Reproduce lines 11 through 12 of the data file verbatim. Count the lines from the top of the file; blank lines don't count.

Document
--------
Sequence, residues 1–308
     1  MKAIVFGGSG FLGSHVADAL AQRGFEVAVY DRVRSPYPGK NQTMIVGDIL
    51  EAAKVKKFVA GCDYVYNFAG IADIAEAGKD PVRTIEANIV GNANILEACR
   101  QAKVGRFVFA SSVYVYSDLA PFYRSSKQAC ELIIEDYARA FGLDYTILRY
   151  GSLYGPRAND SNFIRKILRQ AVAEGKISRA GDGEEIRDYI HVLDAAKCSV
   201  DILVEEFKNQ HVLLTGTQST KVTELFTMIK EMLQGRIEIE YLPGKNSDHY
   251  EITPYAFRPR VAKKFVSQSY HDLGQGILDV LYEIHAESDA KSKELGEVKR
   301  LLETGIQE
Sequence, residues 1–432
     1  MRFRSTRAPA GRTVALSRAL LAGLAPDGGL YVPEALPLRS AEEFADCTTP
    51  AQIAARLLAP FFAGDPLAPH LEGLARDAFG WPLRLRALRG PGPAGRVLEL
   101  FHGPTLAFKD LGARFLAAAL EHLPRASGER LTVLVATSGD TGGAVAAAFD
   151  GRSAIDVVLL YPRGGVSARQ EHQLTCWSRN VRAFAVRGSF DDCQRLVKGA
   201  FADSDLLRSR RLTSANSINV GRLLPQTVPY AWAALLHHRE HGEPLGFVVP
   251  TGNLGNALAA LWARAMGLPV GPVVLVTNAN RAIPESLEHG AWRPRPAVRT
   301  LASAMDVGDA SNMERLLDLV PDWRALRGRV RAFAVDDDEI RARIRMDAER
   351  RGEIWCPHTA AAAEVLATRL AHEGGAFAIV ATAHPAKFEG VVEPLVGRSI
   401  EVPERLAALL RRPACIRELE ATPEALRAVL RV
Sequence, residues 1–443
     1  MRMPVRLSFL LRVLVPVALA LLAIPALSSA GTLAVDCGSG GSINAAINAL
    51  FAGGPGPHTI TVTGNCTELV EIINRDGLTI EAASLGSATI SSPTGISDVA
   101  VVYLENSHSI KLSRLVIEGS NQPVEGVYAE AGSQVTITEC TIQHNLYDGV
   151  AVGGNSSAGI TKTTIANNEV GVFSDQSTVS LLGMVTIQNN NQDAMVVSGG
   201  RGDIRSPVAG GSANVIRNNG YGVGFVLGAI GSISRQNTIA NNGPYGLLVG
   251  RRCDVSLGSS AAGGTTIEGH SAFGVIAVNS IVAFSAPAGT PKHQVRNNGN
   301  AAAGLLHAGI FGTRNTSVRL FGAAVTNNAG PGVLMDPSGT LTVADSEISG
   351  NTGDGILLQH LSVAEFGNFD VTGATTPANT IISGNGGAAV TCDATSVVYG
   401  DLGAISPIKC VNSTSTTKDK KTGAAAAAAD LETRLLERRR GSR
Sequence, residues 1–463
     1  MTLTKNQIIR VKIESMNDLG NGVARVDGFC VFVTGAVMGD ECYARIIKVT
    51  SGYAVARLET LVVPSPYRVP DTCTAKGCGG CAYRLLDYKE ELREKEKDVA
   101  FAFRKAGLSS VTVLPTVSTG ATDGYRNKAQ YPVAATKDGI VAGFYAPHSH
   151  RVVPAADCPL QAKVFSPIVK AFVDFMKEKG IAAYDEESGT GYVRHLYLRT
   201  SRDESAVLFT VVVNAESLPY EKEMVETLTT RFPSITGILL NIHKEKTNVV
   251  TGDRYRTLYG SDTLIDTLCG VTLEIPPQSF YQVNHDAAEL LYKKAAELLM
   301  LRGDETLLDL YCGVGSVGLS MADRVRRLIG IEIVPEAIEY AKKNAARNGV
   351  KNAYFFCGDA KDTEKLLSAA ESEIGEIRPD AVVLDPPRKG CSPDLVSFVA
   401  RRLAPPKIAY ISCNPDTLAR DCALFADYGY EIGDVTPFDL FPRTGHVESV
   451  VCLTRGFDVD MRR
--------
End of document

    51  AQIAARLLAP FFAGDPLAPH LEGLARDAFG WPLRLRALRG PGPAGRVLEL
   101  FHGPTLAFKD LGARFLAAAL EHLPRASGER LTVLVATSGD TGGAVAAAFD